The Path to Paradise: A Francis Ford Coppola Story
“The path to paradise is a rocky road with lots of detours and dead ends along the way. Some of them may even end in an apocalypse. Just ask Francis Ford Coppola.”
Most film lovers know Francis Ford Coppola for his soaring successes and box office smashes. The list of blockbusters, though, is balanced by lesser, albeit solid films, and even a handful of losers. In The Path to Paradise: A Francis Ford Coppola Story, author Sam Wasson examines Coppola’s career in a cautionary tale that resembles the erratic trajectory of a West Texas oil field: full of booms and busts.
It was a career that produced godfathers and apocalypses, Oscars and flops. It careened through jungles, manufactured movie sets, and descended into bankruptcy courts. And it was a career that almost didn’t even get up on its feet. Literally.
Growing up in New York, Coppola had been afflicted with polio, the scourge of the 1950s, leaving him bedridden and missing his sixth-grade year in school. His doctors were convinced he would never walk again. Experiences like that can be devastating for a child, destroying futures before they can even begin. But sometimes, they can provide inspiration. And so it was for the young Francis.
While homebound, Coppola entertained himself by watching television and listening to the radio, and he “learned that stories, like sounds and music, create worlds that live in your head.” He likened the experience to an “oyster growing this pearl of feelings out of which comes the basis of art.” That pearl, the author writes, is “the magic potion of fairy tales, a treasure of transformation.” So out of infirmity, a filmmaking giant was born.
The Road to Paradise is as much, or more, a psychological study of Coppola’s dual nature as it is a narrative of his filmmaking career. The duality of his nature is reflected in almost everything about him. The author writes, “Coppola was a regular in the whirlpool of loss and discovery, conviction and uncertainty, ecstasy and despair.”
With friend and fellow filmmaker George Lucas, he founded American Zoetrope—named for a 19th century optical toy—as the vehicle through which to pursue his dream of being a filmmaker outside of the studio system. It must have sounded good in theory but, while unquestionably a creative genius, Coppola was also a financial dunce, who reveled in prosperity and wallowed in adversity.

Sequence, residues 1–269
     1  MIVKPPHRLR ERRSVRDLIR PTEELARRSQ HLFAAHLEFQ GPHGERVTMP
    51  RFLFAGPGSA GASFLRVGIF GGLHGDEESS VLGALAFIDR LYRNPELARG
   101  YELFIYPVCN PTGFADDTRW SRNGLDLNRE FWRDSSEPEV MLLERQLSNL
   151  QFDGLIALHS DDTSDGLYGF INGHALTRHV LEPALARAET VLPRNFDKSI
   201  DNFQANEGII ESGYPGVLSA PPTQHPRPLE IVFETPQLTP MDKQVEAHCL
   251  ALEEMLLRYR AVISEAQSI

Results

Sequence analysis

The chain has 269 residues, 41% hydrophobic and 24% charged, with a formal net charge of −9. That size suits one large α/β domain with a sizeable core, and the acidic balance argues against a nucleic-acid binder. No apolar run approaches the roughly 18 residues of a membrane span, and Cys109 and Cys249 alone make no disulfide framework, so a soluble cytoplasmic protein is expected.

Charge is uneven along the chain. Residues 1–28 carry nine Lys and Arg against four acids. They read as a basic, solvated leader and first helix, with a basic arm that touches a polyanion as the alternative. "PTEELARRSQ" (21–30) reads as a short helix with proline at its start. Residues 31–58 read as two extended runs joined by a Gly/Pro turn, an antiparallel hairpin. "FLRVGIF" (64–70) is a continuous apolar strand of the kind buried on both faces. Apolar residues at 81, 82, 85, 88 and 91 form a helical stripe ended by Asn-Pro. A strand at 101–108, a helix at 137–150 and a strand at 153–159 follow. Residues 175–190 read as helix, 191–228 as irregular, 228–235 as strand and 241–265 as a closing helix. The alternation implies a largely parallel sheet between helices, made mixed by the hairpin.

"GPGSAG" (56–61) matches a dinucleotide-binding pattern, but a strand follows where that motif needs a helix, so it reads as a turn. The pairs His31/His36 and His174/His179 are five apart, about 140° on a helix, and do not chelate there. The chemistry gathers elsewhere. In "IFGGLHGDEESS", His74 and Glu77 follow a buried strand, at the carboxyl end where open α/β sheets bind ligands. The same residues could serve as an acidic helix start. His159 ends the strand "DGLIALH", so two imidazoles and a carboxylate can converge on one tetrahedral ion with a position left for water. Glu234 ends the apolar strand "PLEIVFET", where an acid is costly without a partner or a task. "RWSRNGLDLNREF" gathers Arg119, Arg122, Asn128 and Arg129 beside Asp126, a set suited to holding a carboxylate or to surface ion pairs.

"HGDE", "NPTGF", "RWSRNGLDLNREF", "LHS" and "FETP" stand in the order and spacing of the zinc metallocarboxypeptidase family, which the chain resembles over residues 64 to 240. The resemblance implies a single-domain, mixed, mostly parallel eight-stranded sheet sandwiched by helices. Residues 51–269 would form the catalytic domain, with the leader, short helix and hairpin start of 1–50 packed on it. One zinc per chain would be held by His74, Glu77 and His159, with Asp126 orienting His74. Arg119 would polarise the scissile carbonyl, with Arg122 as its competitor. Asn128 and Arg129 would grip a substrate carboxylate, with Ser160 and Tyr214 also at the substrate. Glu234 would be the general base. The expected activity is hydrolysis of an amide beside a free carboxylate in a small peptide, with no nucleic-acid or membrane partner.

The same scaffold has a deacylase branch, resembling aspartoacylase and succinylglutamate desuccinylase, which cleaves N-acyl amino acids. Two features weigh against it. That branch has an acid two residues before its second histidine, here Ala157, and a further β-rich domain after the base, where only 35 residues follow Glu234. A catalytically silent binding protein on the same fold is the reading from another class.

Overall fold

Coppola’s vision often exceeded his bank account. He was a profligate spender in the high times, while the lows often sent him hat in hand to search for others—sometimes investors, sometimes the very studios he disdained, and sometimes financial institutions—to bankroll his next big hit, only to repeat the cycle again.
Debt, the bane of his existence, even transformed him from a dreamer and a creator into a serial bankruptcy filer. New Zoetrope iterations emerged, sans Lucas, who had followed his own creative path after his brief stint with Coppola. It might be likened to a phoenix rising from the ashes, but with charred wings weakened by the financial fires. And that often forced him to take on director-for-hire jobs.
The book is broken down into two parts, The Dream and The Apocalypse. Broadly speaking, it is pre and post Apocalypse Now. A considerable portion of the first half of the book is devoted to the making of that film, Coppola’s signature statement on the Vietnam War and a metaphor for its moral uncertainty. But, Wasson tells the reader, it “is not, as Coppola began it, a film about Vietnam. It isn’t even about war.”